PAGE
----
Earth Day Thoughts


WSN Editorial Board

Saturday was Earth Day, and to celebrate, the WSN Editorial Board took time to assess recent efforts by the NYU administration to make our school greener. In recent months, the university has made some positive changes, like establishing the Center for Environmental and Animal Protection, but there is still room for improvement. Here is what we think NYU is doing well, doing wrong and what it should do in the future to optimize sustainability.

In the past month, NYU has implemented various programs to improve sustainability. The Center for Environmental and Animal Protection was launched recently to research environmental and animal topics that could be used to inform policy concerning climate change. A new online portal was also released, allowing students to contribute their ideas on how to further sustainability efforts. 

In an email to WSN, Assistant Vice President for Sustainability at NYU Cecil Scheib wrote, “About 1,500 students, faculty, staff and administrators have already participated.” 

NYU has also begun to use biodegradable take-out containers in dining halls in an effort toward using more eco-friendly materials. Larger projects include an upgraded cogeneration plant and renovations designed to increase sustainability. According to Scheib, renovations follow Leadership in Energy and Environmental Design standards, which ensures buildings are eco-friendly. 

Despite making positive efforts, NYU has more to do. Student protests on April 14 during the Weekend on the Square events are evidence of this, as NYU trustees’ ties with fossil fuel companies has caused outrage. Cutting both direct and indirect ties to fossil fuels is one way NYU could commit to a more sustainable future, in conjunction to smaller steps. 

Some small steps NYU can make include taking simple measures to reduce waste in dining halls. For starters, NYU can take after cities like Seattle, Miami Beach and Malibu where plastic straws have been banned in restaurants to cut down on unnecessary plastic waste. Dining halls can also reduce waste by further encouraging students to use reusable containers for meals instead of disposable to-go boxes; they should also stop selling disposable plastic water bottles altogether. While recycling can help eliminate waste to some degree, NYU should gear efforts in waste reduction through reusing, which will cut down on far more waste in the long run.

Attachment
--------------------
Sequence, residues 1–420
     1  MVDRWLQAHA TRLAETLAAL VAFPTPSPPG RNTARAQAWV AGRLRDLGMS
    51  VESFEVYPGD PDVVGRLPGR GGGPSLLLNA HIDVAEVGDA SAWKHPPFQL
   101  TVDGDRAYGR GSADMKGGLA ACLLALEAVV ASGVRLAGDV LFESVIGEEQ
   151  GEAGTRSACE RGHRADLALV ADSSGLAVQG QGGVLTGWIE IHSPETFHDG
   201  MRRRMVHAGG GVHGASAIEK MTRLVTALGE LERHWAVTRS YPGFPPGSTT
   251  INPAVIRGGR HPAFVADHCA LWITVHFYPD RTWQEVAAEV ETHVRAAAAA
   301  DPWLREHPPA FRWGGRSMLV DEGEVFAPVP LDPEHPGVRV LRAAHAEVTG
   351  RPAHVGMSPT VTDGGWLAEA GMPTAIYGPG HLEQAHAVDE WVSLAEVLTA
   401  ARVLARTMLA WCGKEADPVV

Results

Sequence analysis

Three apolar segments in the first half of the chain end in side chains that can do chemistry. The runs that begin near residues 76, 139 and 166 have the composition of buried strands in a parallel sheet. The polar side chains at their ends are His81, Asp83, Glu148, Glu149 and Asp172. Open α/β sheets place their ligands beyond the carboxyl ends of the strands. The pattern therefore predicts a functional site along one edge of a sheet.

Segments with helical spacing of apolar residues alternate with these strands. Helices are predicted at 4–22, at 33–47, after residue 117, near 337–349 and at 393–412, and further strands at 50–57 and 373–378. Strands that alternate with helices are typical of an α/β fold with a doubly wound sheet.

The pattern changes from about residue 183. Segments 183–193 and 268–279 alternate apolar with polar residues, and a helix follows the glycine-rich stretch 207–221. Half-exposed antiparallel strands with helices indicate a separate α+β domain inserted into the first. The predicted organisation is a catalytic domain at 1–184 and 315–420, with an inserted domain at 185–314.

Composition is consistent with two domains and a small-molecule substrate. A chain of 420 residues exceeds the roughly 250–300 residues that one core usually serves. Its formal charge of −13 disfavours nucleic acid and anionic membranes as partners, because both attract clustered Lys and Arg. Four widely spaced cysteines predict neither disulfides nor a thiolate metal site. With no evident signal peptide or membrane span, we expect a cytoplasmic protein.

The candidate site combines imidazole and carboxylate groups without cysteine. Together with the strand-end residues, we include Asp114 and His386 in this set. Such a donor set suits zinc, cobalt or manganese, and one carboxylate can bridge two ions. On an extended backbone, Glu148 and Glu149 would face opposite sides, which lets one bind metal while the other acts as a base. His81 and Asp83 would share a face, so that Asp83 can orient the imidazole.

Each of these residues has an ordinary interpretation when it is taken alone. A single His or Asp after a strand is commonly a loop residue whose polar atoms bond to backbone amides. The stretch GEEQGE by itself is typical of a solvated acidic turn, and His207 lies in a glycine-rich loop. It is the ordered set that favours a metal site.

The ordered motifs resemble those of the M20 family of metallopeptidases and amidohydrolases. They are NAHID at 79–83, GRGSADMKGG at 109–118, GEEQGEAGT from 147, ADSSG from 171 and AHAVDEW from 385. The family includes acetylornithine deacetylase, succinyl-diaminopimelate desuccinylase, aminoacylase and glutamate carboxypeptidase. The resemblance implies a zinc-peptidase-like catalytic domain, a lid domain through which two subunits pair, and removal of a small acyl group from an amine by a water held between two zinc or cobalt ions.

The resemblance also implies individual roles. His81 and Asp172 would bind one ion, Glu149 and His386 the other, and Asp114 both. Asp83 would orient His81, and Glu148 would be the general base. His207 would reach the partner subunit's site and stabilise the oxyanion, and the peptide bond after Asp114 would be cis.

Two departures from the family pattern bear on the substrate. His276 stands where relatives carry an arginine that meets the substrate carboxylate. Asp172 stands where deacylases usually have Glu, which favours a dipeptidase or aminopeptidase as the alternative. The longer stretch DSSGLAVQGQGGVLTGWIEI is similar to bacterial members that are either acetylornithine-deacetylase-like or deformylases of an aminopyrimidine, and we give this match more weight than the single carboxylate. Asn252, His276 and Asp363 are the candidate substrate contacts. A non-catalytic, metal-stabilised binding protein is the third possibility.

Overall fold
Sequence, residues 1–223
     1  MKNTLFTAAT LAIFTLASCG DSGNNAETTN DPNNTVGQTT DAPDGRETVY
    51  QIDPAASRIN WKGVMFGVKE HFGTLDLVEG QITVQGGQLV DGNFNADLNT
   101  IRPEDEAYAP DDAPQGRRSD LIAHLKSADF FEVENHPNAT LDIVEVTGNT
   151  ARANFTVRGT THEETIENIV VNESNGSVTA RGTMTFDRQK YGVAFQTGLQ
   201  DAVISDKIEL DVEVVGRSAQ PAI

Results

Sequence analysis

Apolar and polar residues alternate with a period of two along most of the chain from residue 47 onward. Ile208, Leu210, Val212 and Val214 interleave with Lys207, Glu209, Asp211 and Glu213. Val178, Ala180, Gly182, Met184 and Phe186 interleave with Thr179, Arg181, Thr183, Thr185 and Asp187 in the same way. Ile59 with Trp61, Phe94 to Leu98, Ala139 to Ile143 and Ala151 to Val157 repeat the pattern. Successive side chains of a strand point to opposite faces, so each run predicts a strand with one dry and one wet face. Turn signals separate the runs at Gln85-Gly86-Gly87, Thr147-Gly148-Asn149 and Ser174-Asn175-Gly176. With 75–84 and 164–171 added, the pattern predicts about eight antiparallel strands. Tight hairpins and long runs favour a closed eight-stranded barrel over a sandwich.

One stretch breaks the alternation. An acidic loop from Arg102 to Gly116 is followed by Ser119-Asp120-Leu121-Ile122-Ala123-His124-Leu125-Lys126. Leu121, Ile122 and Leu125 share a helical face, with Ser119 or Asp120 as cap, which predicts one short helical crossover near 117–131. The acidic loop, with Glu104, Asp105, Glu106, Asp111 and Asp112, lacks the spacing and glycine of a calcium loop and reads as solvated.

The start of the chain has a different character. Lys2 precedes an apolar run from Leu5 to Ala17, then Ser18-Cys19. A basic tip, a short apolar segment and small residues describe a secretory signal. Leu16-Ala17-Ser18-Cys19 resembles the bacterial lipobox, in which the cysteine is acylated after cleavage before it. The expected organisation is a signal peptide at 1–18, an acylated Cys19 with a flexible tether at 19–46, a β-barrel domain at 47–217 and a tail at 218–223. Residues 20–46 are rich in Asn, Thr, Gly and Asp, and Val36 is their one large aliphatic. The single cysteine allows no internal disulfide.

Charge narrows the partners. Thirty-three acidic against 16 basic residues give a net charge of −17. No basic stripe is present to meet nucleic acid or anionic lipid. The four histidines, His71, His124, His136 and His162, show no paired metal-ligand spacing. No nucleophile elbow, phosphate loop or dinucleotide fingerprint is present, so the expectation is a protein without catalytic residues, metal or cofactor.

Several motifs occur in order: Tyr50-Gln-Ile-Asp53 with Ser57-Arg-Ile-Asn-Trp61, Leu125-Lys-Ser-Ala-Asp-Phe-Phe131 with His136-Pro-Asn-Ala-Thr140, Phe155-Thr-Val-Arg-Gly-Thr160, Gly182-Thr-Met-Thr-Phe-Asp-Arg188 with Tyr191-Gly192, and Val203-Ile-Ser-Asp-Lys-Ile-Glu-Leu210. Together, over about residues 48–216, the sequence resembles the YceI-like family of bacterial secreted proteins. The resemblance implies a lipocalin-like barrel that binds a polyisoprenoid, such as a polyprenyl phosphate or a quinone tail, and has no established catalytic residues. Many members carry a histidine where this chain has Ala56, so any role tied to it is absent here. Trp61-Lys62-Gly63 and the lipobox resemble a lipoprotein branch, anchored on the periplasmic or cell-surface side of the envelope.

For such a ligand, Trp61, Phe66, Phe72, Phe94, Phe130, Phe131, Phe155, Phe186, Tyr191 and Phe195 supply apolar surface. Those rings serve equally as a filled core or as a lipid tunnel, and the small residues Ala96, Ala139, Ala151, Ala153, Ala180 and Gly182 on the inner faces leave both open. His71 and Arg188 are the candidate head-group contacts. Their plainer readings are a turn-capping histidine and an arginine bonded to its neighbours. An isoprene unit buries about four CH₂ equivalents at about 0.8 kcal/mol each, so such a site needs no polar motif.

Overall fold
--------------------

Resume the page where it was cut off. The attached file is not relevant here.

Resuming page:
As helpful and important as the steps listed above are, there are some larger actions that can be taken by the university to increase sustainability efforts. Along with fossil fuel divestment, another major stride NYU can take is instituting a compost system within our residence halls. Composting is an essential method to dispose of waste, allowing waste products to contribute to the the environment rather than harm it — NYU should be utilizing composting more if it is serious about sustainability. Lastly, we should aim to have set standards for sustainable product purchasing. Currently, there are sustainable product options — such as Tree Zero Paper — that department heads can choose to purchase over competing products. However, to ensure these options are being used, NYU should be setting certain quotas for sustainable purchasing.

While NYU has made strides in sustainability thus far, we implore both the administration and the student body to redouble their efforts to make NYU more sustainable. As students, we are each individually responsible for taking advantage of the sustainability resources available at NYU and making efforts toward a greener future.


A version of this appeared in the Monday, April 23 print edition. Email the WSN Editorial Board at [email protected].